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Discerning Available Partners
By Rinatta Paries
When I ask my clients to explain why their past relationships
have not worked out, most tell me their past partners have been
"unavailable." When asked for a description of an unavailable
partner, they have listed some of the following behaviors:
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Uncommunicative; keeps secrets; doesn't talk about feelings;
doesn't talk about his/her life; doesn't have time for the
relationship; wants a relationship on weekends only;
geographically distant and doesn't want to change the situation;
doesn't want a commitment; doesn't want to move to the next step
in the relationship.
Do any of these behaviors remind you of your past or present
relationship partner, or even of yourself?
Each of the behaviors above can be categorized as either a gap
in communication, a gap in the amount of time each partner wants
to spend together, or a gap in the level of commitment. These
gaps are what make one partner feel the other is unavailable.
But what if there is no such thing as an unavailable partner,
but rather what one partner perceives as an "available enough"
I believe we each have a different need for intimacy, for
availability from our partner. If we connect with a person whose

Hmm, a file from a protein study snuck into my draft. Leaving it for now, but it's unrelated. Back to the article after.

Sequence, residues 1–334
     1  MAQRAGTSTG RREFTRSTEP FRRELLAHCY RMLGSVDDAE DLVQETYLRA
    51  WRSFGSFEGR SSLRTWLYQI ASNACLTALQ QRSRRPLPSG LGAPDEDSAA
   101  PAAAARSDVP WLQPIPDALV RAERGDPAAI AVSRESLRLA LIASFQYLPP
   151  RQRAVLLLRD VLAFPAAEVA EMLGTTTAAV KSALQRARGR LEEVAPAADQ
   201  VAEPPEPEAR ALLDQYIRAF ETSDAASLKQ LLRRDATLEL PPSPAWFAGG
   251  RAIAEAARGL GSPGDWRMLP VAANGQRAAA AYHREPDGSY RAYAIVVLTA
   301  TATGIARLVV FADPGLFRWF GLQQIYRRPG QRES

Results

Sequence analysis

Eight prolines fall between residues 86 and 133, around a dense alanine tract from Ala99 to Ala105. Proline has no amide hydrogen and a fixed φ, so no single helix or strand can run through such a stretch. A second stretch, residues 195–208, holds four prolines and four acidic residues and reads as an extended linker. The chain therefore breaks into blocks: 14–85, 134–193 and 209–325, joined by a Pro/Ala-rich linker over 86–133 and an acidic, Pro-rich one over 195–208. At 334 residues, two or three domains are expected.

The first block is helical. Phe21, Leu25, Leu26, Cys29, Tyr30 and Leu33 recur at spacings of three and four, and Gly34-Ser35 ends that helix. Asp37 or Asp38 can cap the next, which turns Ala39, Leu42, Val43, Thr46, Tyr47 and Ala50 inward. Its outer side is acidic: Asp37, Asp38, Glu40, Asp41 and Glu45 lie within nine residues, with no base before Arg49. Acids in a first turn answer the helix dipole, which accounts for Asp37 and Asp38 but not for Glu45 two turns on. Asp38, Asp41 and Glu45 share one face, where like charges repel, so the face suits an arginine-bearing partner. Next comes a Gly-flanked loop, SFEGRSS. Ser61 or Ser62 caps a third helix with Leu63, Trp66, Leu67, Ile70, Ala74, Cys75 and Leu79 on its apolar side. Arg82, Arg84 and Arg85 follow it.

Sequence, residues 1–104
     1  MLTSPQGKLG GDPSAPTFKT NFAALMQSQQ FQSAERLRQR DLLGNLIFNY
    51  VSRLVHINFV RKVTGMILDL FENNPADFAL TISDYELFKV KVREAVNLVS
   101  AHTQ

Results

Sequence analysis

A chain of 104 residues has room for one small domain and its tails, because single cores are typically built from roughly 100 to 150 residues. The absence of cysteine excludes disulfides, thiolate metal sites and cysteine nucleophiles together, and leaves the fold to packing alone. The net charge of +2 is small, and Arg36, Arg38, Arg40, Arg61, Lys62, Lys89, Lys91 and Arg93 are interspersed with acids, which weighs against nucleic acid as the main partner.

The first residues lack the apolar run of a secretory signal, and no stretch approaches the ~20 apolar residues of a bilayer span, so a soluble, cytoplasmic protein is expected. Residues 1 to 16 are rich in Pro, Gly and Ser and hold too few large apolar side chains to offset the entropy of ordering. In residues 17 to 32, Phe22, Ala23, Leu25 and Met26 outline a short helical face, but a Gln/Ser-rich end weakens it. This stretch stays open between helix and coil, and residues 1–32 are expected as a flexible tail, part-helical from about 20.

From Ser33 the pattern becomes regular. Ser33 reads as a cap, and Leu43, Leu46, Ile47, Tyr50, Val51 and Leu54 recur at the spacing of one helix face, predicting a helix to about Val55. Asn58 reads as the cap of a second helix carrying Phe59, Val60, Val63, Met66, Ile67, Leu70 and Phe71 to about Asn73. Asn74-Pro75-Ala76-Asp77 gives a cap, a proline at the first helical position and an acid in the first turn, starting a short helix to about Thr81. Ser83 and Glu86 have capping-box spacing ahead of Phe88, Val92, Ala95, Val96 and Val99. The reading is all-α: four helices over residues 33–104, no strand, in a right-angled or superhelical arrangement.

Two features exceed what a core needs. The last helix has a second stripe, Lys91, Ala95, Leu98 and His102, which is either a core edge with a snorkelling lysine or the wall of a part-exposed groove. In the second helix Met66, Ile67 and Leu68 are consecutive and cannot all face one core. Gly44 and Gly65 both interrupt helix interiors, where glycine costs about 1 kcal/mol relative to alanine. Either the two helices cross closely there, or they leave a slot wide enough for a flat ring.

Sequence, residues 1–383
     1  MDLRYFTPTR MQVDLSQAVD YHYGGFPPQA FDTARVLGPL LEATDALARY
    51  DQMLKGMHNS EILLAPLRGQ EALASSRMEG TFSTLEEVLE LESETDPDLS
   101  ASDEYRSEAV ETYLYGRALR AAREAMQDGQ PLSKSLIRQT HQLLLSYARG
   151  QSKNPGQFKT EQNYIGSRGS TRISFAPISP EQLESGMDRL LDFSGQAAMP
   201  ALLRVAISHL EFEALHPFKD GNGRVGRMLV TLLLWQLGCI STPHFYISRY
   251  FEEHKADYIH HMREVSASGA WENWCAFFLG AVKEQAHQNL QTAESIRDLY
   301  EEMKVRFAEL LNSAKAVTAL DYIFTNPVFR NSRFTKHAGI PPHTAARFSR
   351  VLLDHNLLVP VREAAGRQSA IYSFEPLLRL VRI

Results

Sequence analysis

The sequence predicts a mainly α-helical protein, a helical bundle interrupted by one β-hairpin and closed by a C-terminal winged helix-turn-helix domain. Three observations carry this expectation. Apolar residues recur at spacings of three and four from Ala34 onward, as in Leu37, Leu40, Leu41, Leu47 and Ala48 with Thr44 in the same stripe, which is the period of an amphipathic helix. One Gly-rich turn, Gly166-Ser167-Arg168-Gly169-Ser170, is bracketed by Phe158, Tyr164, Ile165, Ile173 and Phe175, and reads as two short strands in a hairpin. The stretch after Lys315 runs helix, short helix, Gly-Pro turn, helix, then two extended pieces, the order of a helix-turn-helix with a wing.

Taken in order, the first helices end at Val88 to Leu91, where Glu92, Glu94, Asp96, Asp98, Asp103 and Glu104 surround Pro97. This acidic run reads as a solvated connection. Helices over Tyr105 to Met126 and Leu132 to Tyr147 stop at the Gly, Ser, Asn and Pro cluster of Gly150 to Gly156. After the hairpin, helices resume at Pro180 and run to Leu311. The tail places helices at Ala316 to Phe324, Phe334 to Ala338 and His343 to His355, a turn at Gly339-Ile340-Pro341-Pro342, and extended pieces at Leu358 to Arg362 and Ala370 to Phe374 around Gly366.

need for intimacy is drastically different than ours, we will
struggle and suffer in the relationship. This is why it's
important to understand your own need for intimacy in order to
accurately assess how much intimacy you need in a relationship.
This is why it's important to get to know the person you are
dating, to get to know his or her need and capacity for intimacy-
before you get involved.
Answer the following questions to assess your need for intimacy:
·Describe the behaviors of a partner who is "available enough"
·On a scale of 1 to 10, how much of each of the following do
you need from a partner?
-Depth in the communication
-Personal space/apart time
-Depth of connection
·What needs to happen in a relationship for you to feel you
have enough intimacy?
·Do you want to be in a committed relationship?
To gain even more insight into your need for intimacy, look at
your past relationships. Was there a gap in what you wanted and
what your partners were willing to give? Did you get the right
amount of closeness, distance, communication and commitment?
So how do you recognize a partner who is "available enough" for
you? Listen to your dates and watch their behavior. They will
communicate clearly who they are and what they are looking for.
If your date says he is not interested in a committed
relationship, and you know you are, then he is not "available
enough." If she says she loves her life working 80-hour weeks,
while you want someone with you every night, she is not
One key point to remember is that most people you date are not
the right partners. Work on attracting a partner who wants
similar things as you and has a similar value system. It will
become easier to select out those who are not right for you.
They are simply not "available enough." Once you begin viewing
relationships in this way, you will be free to attract a partner
who is "available enough."
Your Relationship Coach,
(c) Rinatta Paries. This article was originally
published by Relationship Coach Rinatta Paries in the
Relationship Coach Newsletter, one of many relationship
resources you can find at www.WhatItTakes.com. Other resources
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